[MELISSA] BLOCK: Have you been finding inspiration in the words of other invocations that were delivered?
Bishop ROBINSON: Actually, I’ve mostly found caution in the words of others. I’ve actually read back over the inaugural prayers of the last 30 or 40 years and frankly, I’ve been shocked at how aggressively Christian they are. And my intention is not to invoke the name of Jesus, but to make this a prayer for Christians and non-Christians alike.
Although I hold the Scripture to be the word of God, you know, those Scriptures are holy to me and to Jews and Christians. But to many other faith traditions – they have their own sacred texts. And so, rather than insert that and really exclude them from the prayer by doing so, I want this to be a prayer to the God of our many understandings, and a prayer that all people of faith can join me in.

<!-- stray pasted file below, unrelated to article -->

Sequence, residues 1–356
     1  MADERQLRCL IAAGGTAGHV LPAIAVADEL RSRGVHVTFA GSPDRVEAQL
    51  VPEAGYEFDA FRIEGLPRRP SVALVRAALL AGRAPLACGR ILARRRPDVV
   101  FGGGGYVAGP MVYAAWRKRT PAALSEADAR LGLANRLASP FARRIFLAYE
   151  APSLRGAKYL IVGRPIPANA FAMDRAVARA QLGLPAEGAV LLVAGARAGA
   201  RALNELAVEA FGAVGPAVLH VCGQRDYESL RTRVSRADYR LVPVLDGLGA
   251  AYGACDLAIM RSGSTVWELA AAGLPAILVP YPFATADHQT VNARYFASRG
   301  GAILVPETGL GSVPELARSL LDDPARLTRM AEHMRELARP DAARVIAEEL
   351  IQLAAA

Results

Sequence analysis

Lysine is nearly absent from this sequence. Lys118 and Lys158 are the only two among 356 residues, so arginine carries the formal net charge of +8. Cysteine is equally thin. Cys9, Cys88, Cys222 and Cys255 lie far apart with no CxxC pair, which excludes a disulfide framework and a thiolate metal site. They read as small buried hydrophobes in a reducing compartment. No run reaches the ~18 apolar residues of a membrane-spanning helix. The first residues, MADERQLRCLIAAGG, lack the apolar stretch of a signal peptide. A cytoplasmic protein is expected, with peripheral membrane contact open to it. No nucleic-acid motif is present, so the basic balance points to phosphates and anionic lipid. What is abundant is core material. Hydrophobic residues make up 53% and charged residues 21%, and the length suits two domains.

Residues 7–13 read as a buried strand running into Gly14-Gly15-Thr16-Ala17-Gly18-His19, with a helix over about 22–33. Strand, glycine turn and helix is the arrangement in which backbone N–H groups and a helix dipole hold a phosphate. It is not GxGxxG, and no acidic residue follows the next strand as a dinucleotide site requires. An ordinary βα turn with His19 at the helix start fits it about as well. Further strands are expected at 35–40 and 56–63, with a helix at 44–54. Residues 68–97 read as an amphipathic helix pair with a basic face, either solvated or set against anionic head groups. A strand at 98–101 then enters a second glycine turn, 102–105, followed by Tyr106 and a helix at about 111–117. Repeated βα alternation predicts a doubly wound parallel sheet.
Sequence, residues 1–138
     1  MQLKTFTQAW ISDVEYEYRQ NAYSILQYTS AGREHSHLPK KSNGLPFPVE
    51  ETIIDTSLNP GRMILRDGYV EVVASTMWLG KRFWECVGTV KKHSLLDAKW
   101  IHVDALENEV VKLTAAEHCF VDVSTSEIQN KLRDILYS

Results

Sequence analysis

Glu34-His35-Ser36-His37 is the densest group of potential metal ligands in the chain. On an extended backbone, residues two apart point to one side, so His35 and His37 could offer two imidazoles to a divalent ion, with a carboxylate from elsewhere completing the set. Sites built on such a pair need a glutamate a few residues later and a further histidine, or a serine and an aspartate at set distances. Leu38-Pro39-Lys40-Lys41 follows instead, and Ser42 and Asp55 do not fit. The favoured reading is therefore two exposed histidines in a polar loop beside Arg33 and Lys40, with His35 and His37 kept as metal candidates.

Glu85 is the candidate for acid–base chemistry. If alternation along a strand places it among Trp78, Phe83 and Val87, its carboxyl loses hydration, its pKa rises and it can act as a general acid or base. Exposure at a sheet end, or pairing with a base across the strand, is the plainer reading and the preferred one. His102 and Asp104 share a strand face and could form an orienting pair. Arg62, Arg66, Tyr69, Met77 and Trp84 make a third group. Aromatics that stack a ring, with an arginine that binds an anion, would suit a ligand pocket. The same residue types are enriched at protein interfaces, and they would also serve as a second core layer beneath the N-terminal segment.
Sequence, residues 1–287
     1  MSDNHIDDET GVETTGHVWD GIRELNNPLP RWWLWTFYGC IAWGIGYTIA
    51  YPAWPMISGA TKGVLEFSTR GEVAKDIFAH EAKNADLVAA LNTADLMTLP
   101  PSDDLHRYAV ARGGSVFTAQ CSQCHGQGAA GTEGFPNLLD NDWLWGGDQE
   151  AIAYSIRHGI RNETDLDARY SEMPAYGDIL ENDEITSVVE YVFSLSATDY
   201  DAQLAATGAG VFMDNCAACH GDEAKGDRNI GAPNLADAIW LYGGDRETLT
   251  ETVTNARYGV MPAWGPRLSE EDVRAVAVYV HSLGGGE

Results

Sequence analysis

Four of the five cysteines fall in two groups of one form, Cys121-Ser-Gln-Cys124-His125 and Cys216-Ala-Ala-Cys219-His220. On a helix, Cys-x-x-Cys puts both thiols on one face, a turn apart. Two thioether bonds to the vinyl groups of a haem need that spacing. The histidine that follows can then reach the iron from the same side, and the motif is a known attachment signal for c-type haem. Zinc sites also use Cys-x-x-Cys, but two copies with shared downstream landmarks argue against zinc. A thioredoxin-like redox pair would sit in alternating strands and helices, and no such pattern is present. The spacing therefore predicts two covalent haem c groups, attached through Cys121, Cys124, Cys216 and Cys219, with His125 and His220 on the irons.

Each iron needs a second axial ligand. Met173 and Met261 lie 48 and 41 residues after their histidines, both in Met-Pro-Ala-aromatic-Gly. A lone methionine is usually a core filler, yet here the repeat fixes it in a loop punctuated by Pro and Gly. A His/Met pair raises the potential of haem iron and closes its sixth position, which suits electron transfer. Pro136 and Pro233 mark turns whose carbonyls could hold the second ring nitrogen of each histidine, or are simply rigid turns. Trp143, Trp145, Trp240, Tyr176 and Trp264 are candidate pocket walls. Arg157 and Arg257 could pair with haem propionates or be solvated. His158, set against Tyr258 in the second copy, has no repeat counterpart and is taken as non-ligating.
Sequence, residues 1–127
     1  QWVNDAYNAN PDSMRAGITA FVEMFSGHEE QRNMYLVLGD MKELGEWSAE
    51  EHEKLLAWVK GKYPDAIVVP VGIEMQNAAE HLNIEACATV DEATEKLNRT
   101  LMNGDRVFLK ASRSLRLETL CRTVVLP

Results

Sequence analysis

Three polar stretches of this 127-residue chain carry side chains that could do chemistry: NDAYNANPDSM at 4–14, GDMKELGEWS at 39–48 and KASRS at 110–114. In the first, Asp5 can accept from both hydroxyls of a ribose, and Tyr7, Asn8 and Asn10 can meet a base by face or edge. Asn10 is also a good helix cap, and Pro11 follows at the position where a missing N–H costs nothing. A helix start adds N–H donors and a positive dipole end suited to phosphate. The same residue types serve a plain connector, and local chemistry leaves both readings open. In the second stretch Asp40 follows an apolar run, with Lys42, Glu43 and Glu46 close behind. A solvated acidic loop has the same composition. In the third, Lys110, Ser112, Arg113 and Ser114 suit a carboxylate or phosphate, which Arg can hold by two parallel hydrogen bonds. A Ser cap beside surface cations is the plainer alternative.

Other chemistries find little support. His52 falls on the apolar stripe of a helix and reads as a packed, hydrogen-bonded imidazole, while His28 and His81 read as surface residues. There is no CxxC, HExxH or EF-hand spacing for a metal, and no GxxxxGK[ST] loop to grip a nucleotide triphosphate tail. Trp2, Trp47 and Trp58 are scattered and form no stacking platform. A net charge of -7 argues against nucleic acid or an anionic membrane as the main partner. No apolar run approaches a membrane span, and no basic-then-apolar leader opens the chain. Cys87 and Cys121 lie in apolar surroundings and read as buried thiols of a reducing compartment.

BLOCK: The God of our many understandings.
Bishop ROBINSON: Yes. You know, I was in treatment for alcoholism three years ago and am grateful to be sober today. And one of the things that I’ve learned in 12-step programs is this phrase, the God of my understanding. It allows people to pray to a God of really, many understandings, and let’s face it, each one of us has a different understanding of God. No one of us can fully understand God or else God wouldn’t be God.
BLOCK: I’m not sure that that God of many understandings has ever been invoked in an inauguration before.
Bishop ROBINSON: Well, I’ve done a lot of things for the first time in my life, and I will be proud to do this one.
—From NPR’s All Things Considered on January 13, 2009 (the audio link for which was earlier posted on the blog here)
I will take comments on this submitted by email only to at KSHarmon[at]mindspring[dot]com.